It’s not my place to decide who is guilty and who is not. I’m not on the jury.
Unless I was there when he died and up to it and I wasn’t.
But even then, with so much chaos created by one person being apprehended, there were many vantage points and no one was there for all of them, except the person who died. And when impaired, all of that becomes untrustworthy – or not.
Shoulda’ done this should’a done that. Everybody including the one who died shoulda’ done something differently to determine an outcome that didn’t result in death.
All I know is that no police officer in front of all those people would have purposely murdered someone under their control.
Being heavy or obese.
Being drugged. Being hysterical.
Having a criminal mindset based on prior arrests.
How does one know if someone has asthma? Where was his inhaler?
If we’re going to assume that all large or obese black people have asthma, then adjustments need to be made in how a person is subdued who resists arrest.
Why would he resist?
Why aren’t there more drug rehab units in all areas where drugs are commonly sold and used? Open 24/7.
Alcoholics Anonymous has become a dumping ground for addicts. There needs to be something new, different, that makes people want to attend. It’s outdated. Most people who attend still drink and drug, so what’s the point?
With all the science capability the world can’t devise something that works faster than talk therapy, where they tell the same story every time they attend and hear the same stories from everybody else over and over again? What’s the point, when they leave they head for the nearest bar?
These aren’t young kids. Middle aged men should know to set a better example for the youth, especially when working in a religious community. But they don’t. And it isn’t a crime. But religion isn’t going to cure an addict either.
Addicts are the problem. Hard drugs. To me, alcohol becomes a hard drug if you’re addicted to it. Drugs that make people feel super human and when they come down super motivated to get back up again are scary.
There are no innocents here. Everybody failed to protect somebody. George Floyd failed to protect himself. A forty-six year old man? He had a lot going for him throughout his life and shit on all of it. Addicts do that.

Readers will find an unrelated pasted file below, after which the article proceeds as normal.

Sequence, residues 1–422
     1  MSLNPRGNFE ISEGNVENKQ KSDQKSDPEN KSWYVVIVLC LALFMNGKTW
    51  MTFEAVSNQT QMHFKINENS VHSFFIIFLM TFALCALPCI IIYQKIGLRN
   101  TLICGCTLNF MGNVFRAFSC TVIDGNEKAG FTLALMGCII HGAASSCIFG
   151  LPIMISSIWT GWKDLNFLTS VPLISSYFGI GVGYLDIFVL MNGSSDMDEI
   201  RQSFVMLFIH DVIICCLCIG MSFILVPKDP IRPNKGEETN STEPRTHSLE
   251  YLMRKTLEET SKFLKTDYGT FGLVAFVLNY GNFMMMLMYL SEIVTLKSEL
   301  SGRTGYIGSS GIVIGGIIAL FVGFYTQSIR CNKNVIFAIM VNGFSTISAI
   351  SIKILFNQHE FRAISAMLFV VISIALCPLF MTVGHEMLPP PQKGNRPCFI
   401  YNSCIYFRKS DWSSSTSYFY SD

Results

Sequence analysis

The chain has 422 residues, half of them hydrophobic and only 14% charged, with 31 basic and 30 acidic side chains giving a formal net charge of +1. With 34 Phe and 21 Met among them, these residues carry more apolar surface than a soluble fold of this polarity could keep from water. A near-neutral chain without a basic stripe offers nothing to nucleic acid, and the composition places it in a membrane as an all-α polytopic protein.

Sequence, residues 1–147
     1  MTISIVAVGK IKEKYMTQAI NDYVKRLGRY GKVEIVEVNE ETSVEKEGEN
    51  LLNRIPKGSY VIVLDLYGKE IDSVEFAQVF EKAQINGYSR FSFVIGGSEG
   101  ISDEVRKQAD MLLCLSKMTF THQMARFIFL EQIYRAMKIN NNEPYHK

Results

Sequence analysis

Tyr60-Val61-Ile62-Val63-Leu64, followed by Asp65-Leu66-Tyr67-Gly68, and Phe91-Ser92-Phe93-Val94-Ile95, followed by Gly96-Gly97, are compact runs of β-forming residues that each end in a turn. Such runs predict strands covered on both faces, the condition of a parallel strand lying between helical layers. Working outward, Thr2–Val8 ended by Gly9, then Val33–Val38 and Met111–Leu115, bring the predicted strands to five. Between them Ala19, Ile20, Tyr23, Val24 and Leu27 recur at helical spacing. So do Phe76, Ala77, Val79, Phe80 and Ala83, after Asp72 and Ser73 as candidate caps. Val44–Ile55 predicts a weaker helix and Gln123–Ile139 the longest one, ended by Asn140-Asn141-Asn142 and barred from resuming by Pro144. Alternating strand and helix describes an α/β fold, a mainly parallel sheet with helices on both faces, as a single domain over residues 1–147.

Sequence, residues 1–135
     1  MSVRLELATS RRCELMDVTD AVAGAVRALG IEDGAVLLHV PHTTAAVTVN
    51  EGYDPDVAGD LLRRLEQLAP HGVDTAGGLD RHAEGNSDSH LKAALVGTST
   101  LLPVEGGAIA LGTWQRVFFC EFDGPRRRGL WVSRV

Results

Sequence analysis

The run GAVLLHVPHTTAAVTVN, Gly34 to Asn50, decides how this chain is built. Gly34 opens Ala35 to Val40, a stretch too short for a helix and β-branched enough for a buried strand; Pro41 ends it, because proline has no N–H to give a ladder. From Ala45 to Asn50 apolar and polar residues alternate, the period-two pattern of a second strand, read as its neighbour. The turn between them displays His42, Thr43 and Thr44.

I read an article that seemed to want to get the facts straight while inserting a lot of opinion. For instance what difference does it make if when Loyd and five other grown men enter a house by force to rob people who are home, looking for drugs and money, if the woman was pregnant?
Would she be less scared, terrified? No. It doesn’t matter. But it’s used to lighten the impact on someone reading it – it wasn’t so-o-o bad. That crime isn’t even the one in question. The one in question is passing a counterfeit bill at a store.
Because he wasn’t high-high on meth like he just took it, but had several harmful drugs in his body that were a “significant factor in his death”, it gets minimized as not very important.
You see, I think it’s all important. Can society exonerate someone because they were under the influence of drugs, whether going up, or being as high as the drugs allow, or coming down – what’s the difference there? Should there be one?
The fact that it was an issue to the writer of the article, trying to poke holes in what was written in police and court documents by telling the truth, but with her own opinions inserted on how black people are perceived by white people, when she doesn’t really know how white people perceive anyone or any situation. The most they can do is guess.
Six large black men forced their way into a family home to rob them of drugs and money with a gun, and when the report claimed the white person called them black scary dudes, that was proof of their racism and the way they viewed black people – as criminals, so indicates Jessica Lee.
Well why wouldn’t the person say they were scary? I don’t follow the scary vs not scary logic. They were black. What was the family supposed to say, that they didn’t notice their skin color? That’s a characteristic that people notice in others along with their gender and size. It’s human nature. When you register to vote you have to give your skin color, but commit a crime and ‘don’t ask don’t tell’ suddenly comes into play?
Firstly, black people want you to fear them. Then when they do, the blacks call the whites racist for being fearful.
Secondly, six black men robbing a white family by gun point in their home would be scary.
Thirdly, do you think a black family robbed at gun point by six large white men looking for drugs and money wouldn’t notice their race, and would invite them in for tea and when asked by or reporting it to the police wouldn’t give their race?